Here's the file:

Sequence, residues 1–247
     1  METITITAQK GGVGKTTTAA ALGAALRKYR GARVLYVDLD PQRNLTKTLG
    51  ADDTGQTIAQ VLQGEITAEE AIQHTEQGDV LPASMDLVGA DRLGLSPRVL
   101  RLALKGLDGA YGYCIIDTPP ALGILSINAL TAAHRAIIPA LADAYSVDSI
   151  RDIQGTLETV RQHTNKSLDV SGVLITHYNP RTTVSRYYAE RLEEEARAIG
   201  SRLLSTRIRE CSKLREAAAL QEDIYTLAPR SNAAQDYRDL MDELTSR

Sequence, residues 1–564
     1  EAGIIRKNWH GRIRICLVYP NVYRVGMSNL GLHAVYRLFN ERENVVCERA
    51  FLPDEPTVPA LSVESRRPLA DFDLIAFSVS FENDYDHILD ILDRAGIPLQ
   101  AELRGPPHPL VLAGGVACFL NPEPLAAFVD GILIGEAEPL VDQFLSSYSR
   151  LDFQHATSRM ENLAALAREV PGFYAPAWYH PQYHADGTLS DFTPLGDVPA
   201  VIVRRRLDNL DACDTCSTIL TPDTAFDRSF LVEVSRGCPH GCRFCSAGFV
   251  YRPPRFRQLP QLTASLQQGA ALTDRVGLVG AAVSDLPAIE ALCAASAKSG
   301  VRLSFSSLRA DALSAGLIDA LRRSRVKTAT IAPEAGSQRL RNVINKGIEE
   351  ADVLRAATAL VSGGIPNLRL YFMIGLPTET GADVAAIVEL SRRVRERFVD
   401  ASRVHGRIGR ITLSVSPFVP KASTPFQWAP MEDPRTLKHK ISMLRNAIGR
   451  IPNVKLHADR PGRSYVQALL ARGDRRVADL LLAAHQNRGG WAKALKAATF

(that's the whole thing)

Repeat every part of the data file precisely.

Sequence, residues 1–247
     1  METITITAQK GGVGKTTTAA ALGAALRKYR GARVLYVDLD PQRNLTKTLG
    51  ADDTGQTIAQ VLQGEITAEE AIQHTEQGDV LPASMDLVGA DRLGLSPRVL
   101  RLALKGLDGA YGYCIIDTPP ALGILSINAL TAAHRAIIPA LADAYSVDSI
   151  RDIQGTLETV RQHTNKSLDV SGVLITHYNP RTTVSRYYAE RLEEEARAIG
   201  SRLLSTRIRE CSKLREAAAL QEDIYTLAPR SNAAQDYRDL MDELTSR

Sequence, residues 1–564
     1  EAGIIRKNWH GRIRICLVYP NVYRVGMSNL GLHAVYRLFN ERENVVCERA
    51  FLPDEPTVPA LSVESRRPLA DFDLIAFSVS FENDYDHILD ILDRAGIPLQ
   101  AELRGPPHPL VLAGGVACFL NPEPLAAFVD GILIGEAEPL VDQFLSSYSR
   151  LDFQHATSRM ENLAALAREV PGFYAPAWYH PQYHADGTLS DFTPLGDVPA
   201  VIVRRRLDNL DACDTCSTIL TPDTAFDRSF LVEVSRGCPH GCRFCSAGFV
   251  YRPPRFRQLP QLTASLQQGA ALTDRVGLVG AAVSDLPAIE ALCAASAKSG
   301  VRLSFSSLRA DALSAGLIDA LRRSRVKTAT IAPEAGSQRL RNVINKGIEE
   351  ADVLRAATAL VSGGIPNLRL YFMIGLPTET GADVAAIVEL SRRVRERFVD
   401  ASRVHGRIGR ITLSVSPFVP KASTPFQWAP MEDPRTLKHK ISMLRNAIGR
   451  IPNVKLHADR PGRSYVQALL ARGDRRVADL LLAAHQNRGG WAKALKAATF